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She met Zander’s gaze. He was in the driver’s seat, watching her intently, sympathy in his eyes.

“What do I do?” she mouthed silently at him. Confusion warred with responsibility in her brain.

“What do you want to do?”

That’s no help. She covered her phone’s microphone. “I don’t know. I feel like I should be there for them, but we have a huge case on our hands.” Ray’s face flashed in her mind. She wanted to track down his shooter. “I wouldn’t be able to help the case in Seaside. I’d simply be standing around with the rest of them.”

“You’ve told me a dozen times you don’t feel a connection to this family.”

She had said that. And it was true. Sort of.

What is wrong with me?

“I want to find Ray’s shooter at the moment,” she admitted.

“Since he’s injured and his prognosis is up in the air, that makes sense. You’ve had a tight connection with him for a few years.” Zander gestured at her engagement ring. “Mason is tightly intertwined with the case here too.”

The mention of Mason was the deciding factor. Ava immediately knew she had to stay but didn’t know how to explain it to her grieving half sister.

“Kacey? I’ll get back to you after I call the sheriff and see what information he has so far. That will help me decide if I should be there or not.”

Her excuse was lame, and she cringed as she said it. It focused on the murder, not the family.


“I’ll call you as soon as I can,” Ava promised. “Oh, Kacey . . . have you heard from Jayne? I thought she might have accepted your invitation to the coast.”

I nearly forgot to ask.

“No. I haven’t heard from her in weeks. She never answered my invitation to join us here.”

“I’m sorry about that, Kacey. She’s . . . Well, you know.”

“I’m learning. You’re two very different people,” Kacey said softly. “Dad really did love you two, you know. He was so happy when he found both of you. He’d always felt a piece of himself was missing.” Quiet crying came through the phone. “Call me when you can.” Kacey ended the call.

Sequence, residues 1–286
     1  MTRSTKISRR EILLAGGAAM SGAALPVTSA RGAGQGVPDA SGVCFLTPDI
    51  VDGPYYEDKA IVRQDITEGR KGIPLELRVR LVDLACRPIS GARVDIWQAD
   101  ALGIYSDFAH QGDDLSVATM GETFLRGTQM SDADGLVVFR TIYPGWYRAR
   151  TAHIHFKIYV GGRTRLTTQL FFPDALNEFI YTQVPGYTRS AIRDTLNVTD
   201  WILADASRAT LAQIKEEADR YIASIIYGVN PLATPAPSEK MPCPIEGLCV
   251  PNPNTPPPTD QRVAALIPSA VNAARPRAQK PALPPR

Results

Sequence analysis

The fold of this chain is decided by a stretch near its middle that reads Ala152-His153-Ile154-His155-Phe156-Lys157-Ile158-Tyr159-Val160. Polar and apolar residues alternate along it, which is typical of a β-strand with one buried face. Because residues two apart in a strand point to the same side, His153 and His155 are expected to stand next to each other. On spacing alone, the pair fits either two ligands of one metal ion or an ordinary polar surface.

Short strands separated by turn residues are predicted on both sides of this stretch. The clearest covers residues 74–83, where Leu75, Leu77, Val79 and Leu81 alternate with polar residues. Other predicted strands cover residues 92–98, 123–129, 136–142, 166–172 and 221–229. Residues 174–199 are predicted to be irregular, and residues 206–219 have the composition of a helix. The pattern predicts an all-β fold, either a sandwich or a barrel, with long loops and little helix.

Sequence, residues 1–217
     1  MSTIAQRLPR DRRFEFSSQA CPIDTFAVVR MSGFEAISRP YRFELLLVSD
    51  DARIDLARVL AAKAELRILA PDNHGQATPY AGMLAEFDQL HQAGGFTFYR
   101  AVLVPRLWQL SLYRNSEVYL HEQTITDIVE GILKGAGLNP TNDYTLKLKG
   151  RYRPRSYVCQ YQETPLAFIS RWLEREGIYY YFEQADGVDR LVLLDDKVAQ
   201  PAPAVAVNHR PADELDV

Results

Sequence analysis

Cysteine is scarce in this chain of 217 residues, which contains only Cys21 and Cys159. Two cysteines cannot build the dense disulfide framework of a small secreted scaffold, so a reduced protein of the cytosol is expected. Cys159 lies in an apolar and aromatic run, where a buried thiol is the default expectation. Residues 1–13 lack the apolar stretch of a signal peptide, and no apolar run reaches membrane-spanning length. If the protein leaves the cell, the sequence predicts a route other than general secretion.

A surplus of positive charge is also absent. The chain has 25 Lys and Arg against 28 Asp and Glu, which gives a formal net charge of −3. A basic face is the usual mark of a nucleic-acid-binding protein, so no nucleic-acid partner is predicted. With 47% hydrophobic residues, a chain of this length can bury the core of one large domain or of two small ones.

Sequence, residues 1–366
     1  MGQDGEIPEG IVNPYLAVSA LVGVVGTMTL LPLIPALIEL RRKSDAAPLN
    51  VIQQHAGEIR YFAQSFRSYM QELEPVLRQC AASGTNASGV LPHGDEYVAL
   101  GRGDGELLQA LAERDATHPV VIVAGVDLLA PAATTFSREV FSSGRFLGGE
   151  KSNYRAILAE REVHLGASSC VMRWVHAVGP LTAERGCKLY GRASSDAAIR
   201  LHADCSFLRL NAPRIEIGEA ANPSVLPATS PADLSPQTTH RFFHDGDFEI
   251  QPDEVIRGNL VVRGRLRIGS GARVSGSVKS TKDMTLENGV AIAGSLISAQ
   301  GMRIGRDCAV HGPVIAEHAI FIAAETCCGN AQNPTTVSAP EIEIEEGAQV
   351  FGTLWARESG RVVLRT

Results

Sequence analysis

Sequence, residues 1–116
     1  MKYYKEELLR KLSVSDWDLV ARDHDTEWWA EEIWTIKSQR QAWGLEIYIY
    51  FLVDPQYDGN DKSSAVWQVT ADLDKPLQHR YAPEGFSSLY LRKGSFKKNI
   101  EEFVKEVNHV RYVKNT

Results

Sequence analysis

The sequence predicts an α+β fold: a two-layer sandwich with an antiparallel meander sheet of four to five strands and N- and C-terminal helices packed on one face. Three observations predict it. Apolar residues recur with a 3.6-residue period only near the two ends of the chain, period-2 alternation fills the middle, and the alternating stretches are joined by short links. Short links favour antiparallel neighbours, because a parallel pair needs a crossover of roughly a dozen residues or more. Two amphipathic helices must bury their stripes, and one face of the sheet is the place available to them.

Ava slowly lowered her phone. “I don’t know if I’m doing the right thing. I feel horrible.” She was numb, drained.

I wouldn’t be any help to that family.

My family.

“I’m really sorry, Ava,” said Zander. “I know how confused you are about David and his family, but I also know you hoped for the fairy tale.”

Her fairy tale.

One big happy family. With both a mother and a father.

She turned wet eyes his way. Zander always saw everything. “I did,” she admitted. “It was stupid.”

“No, it wasn’t. It’s absolutely normal for children who never knew their parents to hope they’ll appear in their lives one day and they’ll live happily ever after.”

“I should have tried harder,” Ava said. “I should have accepted all their invitations and sent them Christmas presents. Did you know David sent us a case of expensive Italian red wine and the most beautiful wineglasses I’ve ever seen?” The present had compounded her guilt about holding the family at arm’s length. But not enough to push her into action. “I’m a horrible person.”

“Considering your upbringing and your twin, I’d say you turned out to be an amazing person. You’re driven and caring. You’ve done a lot of good for a lot of people . . . including Jayne.”

“I’m not looking for a pep talk.”

“I know. But I needed to say it.”

Jayne, where the fuck are you? Ava rubbed her temples, feeling overloaded and anxious. Everything was happening at once. A perfect storm.

Ray, David, Jayne.

“Did I ever tell you about the time Jayne told my junior high school crush that I had herpes?” she blurted. The memory had leaped out from behind a door in her mind that Ava kept tightly shut and locked.

Zander shot her an incredulous look. “No, you told me about her sleeping with boys and telling them she was you, and how she stole your driver’s license since she flunked her driving test, and how she threatened to cut herself if you didn’t take a history test for her, and—”

“Got it.” Ava cut him off. Her list of grievances with Jayne was long and painful and didn’t need to be rehashed at the moment.

“What happened with your crush?”

“He went out with Jayne, of course.” She wrinkled her nose. “They had sex. I’ve always hoped he used a condom, because if anyone had herpes, it was Jayne.”